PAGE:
Alzheimer’s can lead to unusual or uncharacteristic behaviors in seniors. Even if your senior loved one has always been kind, docile, and agreeable, Alzheimer’s or other types of dementia may cause behaviors such as aggression and combativeness. Here are six ways to manage aggression related to Alzheimer’s so both you and your loved one can stay safe and content.
1. Promote Exercise
Your loved one may not be getting enough exercise and have too much pent-up energy, which can lead to anxiety and aggression. However, incorporating daily exercise into your loved one’s routine may promote relaxation. Exercise helps the brain release “feel-good” hormones known as endorphins, which enhance mood so seniors with cognitive deficits feel more at ease and comfortable.
2. Provide Alternative Choices
People with Alzheimer’s may get aggressive when they’re not given choices. Allow your loved one to make his or her own decisions, within reason, about food and clothing choices and choose the time he or she wants to go to bed or take a bath. Offering choices gives your loved one more control, and the more control people with Alzheimer’s have, the less likely they are to display aggressive behaviors.
Symptoms such as agitation, confusion, anger, and frustration are common in elderly people with Alzheimer’s. The days, weeks, and months following an Alzheimer’s diagnosis can be challenging for both seniors and their families. However, these challenges can be made less stressful with the help of caregivers trained in professional Alzheimer’s care. Rowlett Home Care Assistance is here to help your loved one enjoy the golden years while simultaneously managing the symptoms of Alzheimer’s.
3. Consider Medication Side Effects
Many people who have Alzheimer’s take psychotropic medications. While effective in managing depression and anxiety, certain psychotropic medications can cause combative and aggressive behavior. If you believe your loved one’s aggression is the result of medication side effects, talk to his or her doctor about lowering the dosage or discontinuing the medication to see if the behaviors stop.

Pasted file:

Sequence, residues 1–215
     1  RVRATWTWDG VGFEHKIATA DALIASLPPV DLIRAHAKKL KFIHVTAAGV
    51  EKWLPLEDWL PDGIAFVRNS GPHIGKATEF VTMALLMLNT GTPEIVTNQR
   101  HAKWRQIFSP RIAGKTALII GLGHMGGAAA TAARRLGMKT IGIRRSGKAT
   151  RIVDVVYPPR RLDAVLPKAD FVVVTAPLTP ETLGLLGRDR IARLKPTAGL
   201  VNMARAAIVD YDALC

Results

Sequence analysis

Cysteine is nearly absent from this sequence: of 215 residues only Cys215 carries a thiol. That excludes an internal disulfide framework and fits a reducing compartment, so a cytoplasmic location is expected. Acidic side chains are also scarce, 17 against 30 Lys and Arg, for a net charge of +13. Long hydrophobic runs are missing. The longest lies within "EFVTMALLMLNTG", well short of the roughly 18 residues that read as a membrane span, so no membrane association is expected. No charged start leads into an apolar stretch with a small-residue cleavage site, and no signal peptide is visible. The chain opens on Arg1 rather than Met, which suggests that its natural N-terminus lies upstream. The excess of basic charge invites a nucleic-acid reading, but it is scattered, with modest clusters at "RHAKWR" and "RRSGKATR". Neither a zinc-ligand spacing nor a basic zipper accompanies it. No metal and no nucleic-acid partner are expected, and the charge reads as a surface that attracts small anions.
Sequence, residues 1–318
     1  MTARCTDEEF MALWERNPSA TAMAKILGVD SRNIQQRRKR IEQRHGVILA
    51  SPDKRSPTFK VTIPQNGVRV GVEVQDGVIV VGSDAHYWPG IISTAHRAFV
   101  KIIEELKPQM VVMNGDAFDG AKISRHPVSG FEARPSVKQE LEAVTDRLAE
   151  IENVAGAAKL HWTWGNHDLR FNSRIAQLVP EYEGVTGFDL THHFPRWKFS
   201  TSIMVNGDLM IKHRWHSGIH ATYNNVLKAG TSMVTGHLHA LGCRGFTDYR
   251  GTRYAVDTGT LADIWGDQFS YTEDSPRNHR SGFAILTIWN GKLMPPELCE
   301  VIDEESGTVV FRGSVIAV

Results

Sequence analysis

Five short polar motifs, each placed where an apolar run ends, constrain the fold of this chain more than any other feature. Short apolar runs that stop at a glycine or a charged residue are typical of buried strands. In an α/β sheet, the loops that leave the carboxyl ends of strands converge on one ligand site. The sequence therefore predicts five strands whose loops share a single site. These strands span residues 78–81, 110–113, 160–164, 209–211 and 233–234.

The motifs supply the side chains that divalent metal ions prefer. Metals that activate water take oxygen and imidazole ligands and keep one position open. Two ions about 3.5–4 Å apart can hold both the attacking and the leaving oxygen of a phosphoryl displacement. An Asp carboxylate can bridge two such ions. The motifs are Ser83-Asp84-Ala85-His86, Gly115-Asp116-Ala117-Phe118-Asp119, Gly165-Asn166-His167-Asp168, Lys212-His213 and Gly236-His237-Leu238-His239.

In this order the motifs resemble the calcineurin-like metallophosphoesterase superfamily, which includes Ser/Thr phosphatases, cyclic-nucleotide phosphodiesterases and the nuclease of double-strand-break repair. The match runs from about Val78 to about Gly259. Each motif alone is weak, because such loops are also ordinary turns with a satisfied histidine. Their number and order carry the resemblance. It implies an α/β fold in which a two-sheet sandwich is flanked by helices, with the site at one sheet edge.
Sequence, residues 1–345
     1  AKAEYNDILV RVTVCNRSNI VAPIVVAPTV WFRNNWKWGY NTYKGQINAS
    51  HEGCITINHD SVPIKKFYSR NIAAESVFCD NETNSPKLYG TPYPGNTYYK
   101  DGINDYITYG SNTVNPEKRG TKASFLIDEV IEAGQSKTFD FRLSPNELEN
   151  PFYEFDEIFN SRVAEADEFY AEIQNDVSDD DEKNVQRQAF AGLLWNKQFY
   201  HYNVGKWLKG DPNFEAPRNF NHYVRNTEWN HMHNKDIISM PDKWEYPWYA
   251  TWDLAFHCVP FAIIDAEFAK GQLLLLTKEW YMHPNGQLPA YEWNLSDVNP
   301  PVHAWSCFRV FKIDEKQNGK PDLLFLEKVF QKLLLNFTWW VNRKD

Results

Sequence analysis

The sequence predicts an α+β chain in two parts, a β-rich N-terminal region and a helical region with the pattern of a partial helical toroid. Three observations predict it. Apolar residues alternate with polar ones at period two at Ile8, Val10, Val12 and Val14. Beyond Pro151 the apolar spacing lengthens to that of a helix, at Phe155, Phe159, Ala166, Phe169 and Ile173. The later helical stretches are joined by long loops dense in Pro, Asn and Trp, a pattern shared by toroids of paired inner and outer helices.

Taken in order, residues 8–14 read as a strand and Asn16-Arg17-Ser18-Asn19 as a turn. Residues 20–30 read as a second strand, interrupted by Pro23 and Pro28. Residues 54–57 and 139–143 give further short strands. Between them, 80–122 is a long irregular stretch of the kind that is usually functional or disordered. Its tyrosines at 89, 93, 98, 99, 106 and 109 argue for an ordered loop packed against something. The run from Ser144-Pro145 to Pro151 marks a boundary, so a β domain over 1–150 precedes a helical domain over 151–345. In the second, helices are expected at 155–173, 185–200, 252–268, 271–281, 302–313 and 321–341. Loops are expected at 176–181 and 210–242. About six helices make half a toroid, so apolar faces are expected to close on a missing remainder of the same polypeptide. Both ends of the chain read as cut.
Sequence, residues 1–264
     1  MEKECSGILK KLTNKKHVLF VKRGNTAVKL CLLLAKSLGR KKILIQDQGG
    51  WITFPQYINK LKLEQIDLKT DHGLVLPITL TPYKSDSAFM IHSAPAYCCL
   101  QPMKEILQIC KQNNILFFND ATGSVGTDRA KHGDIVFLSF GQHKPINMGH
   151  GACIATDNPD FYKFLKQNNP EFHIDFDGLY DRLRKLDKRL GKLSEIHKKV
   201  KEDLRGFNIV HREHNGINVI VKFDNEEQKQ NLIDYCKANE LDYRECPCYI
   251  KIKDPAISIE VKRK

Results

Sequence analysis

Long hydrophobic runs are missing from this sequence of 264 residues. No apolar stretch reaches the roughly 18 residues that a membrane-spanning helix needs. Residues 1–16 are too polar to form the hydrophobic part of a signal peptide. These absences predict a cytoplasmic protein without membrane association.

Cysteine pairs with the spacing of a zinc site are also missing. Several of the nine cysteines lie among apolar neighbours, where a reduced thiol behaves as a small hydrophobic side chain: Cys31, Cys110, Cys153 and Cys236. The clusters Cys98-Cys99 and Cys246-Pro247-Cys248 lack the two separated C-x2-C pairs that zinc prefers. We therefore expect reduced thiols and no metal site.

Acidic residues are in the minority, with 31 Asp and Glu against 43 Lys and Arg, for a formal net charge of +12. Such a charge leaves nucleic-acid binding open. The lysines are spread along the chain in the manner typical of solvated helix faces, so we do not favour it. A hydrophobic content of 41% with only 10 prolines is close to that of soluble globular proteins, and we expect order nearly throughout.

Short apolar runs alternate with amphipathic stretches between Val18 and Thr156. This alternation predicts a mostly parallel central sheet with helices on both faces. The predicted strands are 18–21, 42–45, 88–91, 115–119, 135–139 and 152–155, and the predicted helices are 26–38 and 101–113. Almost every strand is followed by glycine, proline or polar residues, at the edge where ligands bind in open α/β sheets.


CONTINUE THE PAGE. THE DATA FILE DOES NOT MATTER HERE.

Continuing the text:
4. Monitor for Physical Discomfort
If your loved one is in pain, hungry, thirsty, or tired, he or she may be more prone to act out with aggressive behavior. Other causes that raise the risk for aggression in seniors with Alzheimer’s are urinary tract infections, fevers, and gastrointestinal problems. People with Alzheimer’s or other types of dementia may be unable to effectively express their needs or complaints and simply become aggressive or combative, perhaps as an attention-seeking mechanism. If you’re unable to determine why your loved one is aggressive, make an appointment with his or her physician for an examination to rule out physical causes for behavioral changes.
The cognitive challenges that accompany Alzheimer’s often leave aging adults unable to manage everyday tasks, which puts their safety and health at risk. There are many reasons seniors might need assistance at home. Some may require regular mental stimulation due to an Alzheimer’s diagnosis, while others might only need part-time assistance with exercise and basic household tasks. Home Care Assistance is a leading homecare services provider. Families rely on our expertly trained caregivers to help their senior loved ones maintain a high quality of life.
5. Provide Nutritious Foods
It’s not uncommon for seniors with Alzheimer’s to develop nutritional deficiencies. Cognitive deficits, preexisting medical conditions, medication side effects, lack of exercise, and the natural aging process may suppress the appetite, and your loved one may not get the nutrients he or she needs to stay physically and psychologically healthy. Deficiencies in vitamin C, magnesium, potassium, or vitamin D may lead to unusual behaviors. If your loved one has a poor appetite, ask the doctor about taking an over-the-counter vitamin and mineral supplement.
6. Offer Anti-Anxiety Medication
If the above interventions fail to curtail your loved one’s aggression, talk to his or her physician about prescribing a low-dose anti-anxiety medication. Aggression isn’t healthy for seniors with Alzheimer’s and may raise the risk for injuries, both to seniors and those around them. While anti-anxiety medications are typically only prescribed for short-term use, the physician may determine that, with frequent monitoring, your loved one could benefit from longer-term use.
Caring for a loved one with Alzheimer’s is a challenging task for anyone. The responsibilities can sometimes feel overwhelming, but help is available. Seniors can face a variety of age-related challenges. Though some families choose to take on the caregiving duties, there may come a time when they need a trusted Rowlett senior home care provider. Families sometimes need respite from their duties so they can focus on their other responsibilities, and some seniors need around-the-clock assistance that their families are not able to provide. Rely on the professionals at Home Care Assistance to provide high-quality compassionate care for your loved one. Give us a call today at (972) 722-7833 to learn about our flexible in-home care plans.